Sakata I.,Tokorozawa PET Diagnostic Imaging Clinic | Ozeki Y.,National Defense Medical College | Tamura K.,Tokorozawa PET Diagnostic Imaging Clinic | Ishida J.,Tokorozawa PET Diagnostic Imaging Clinic | And 2 more authors.
Oncology Letters | Year: 2012

There has been an increase in the detection rate of small early lung cancer due to recent improvements in imaging technology. However, conventional imaging modalities such as computed tomography (CT) alone are not capable of differentiating small pulmonary nodules. New modalities such as F-18 2'-deoxy-2fluoro-D-glucose (FDG) positron emission tomography combined with CT (PET/CT) have contributed to the evaluation of lung cancer staging, although the differential diagnosis of pulmonary nodules showing ground-glass opacity (GGO) with PET/CT is controversial. In Japan, cancer screening with whole body FDG-PET has been available for asymptomatic individuals, and it has been reported that a wide variety of cancer types are detectable by FDG-PET at potentially curable stages. We present the case of a 62-year-old male with early lung cancer, which was revealed by repeated health screening. A PET/CT scan revealed definite intense FDG uptake (SUVmax 1.2) in the pulmonary nodules of the right upper lobe, while no definite FDG uptake was observed in the lesion in the previous annual screening. Right upper lobectomy was performed, and the pathological diagnosis was well-differentiated adenocarcinoma. Five-year survival has been noted since the thoracotomy, and the patient is doing well without recurrence. This is a significant case of early lung cancer with GGO lesions, which revealed intense FDG uptake during an annual repeated health screening with FDG-PET/CT.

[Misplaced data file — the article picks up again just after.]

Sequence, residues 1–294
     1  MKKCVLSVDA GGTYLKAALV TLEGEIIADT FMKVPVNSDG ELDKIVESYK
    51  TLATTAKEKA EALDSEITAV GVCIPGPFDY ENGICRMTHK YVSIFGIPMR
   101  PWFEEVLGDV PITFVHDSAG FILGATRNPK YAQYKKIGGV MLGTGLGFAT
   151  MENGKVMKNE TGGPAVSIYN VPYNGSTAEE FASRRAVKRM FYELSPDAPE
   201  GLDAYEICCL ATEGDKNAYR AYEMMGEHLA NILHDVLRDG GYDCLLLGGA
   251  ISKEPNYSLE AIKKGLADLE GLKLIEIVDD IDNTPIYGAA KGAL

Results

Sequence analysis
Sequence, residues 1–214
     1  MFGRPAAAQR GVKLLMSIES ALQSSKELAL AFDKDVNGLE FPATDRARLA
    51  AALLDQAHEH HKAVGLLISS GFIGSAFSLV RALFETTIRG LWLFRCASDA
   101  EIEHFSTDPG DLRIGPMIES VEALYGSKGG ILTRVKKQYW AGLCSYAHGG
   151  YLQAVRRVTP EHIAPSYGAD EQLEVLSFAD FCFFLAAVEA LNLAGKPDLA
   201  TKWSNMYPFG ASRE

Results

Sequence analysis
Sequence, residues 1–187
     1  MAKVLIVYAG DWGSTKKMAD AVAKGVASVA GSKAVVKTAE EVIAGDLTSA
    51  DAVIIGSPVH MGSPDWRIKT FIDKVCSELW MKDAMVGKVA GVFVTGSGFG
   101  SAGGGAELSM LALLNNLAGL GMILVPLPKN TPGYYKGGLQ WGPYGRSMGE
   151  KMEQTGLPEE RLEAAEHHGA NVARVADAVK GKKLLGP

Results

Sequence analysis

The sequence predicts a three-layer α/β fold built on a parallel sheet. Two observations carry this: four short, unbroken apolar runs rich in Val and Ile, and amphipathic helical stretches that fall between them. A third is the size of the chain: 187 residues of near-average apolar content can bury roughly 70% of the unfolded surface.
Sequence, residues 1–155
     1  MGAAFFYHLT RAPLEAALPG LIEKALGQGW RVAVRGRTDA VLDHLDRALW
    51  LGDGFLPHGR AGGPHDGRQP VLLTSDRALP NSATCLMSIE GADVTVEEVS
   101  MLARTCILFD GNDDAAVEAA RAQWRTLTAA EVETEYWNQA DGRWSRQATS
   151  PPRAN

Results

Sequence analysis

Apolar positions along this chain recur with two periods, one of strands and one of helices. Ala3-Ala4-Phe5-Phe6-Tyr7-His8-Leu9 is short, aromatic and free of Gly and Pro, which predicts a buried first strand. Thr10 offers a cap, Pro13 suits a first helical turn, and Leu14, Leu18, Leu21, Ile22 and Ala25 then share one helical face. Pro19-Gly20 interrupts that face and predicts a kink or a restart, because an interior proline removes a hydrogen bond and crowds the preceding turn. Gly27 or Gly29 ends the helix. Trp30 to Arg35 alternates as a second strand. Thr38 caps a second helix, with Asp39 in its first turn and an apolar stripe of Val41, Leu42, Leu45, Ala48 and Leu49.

Malignant pleural mesothelioma (MPM) has a poor prognosis, and conventional imaging modalities do not reflect the prognosis of MPM. In this study, the clinical significance of 18F-fluorodeoxyglucose positron emission tomography/computed tomography fusion imaging (18F-FDG PET/CT) was evaluated for the differential diagnosis, staging and prognosis in MPM patients. Ninety patients who underwent 18F-FDG PET/CT scanning due to a clinical diagnosis or suspicion of MPM prior to therapy were reviewed. Of 90 patients, 31 were pathologically diagnosed as MPM. Maximum standardized uptake values (SUVmax) were semi-quantitatively obtained from PET/CT 60 min (early phase) and 120 min (delayed phase) after injection of 18F-FDG, and the clinicopathological correlations with the level of SUVmax obtained from PET/CT were examined. The survival curves of MPM patients were plotted according to the methods of Kaplan-Meier. The prognostic implications of the level of SUVmax were estimated by t-test. PET/CT scan showed intense abnormal FDG uptake (SUVmax>2.0) in the pleural lesions of all 31 MPM patients at delayed phase, while it showed abnormal FDG uptake in 30 (97%) patients at early phase. In all 31 MPM patients, the values of SUVmax at delayed phase were higher than those at the early phase. PET/CT also indicated metastasis in the lymph node in 7 patients (23%) and in the systemic lesions in 8 patients (26%) with MPM. Twenty-three MPM patients with high SUVmax, whose prognosis was apparent, showed significantly poorer prognosis in both early and delayed phase (respectively, p=0.03 and p=0.01, t-test). The results showed that 18F-FDG PET/CT at delayed phase is very useful for the diagnosis of pleural diseases, and SUVmax on PET/CT in the delayed phase is a more reliable prognostic factor than that in the early phase. High uptake of 18F-FDG PET/CT may be a predictive factor of prognosis in MPM patients.


PubMed | Tokorozawa PET Diagnostic Imaging Clinic
Type: Journal Article | Journal: Oncology letters | Year: 2012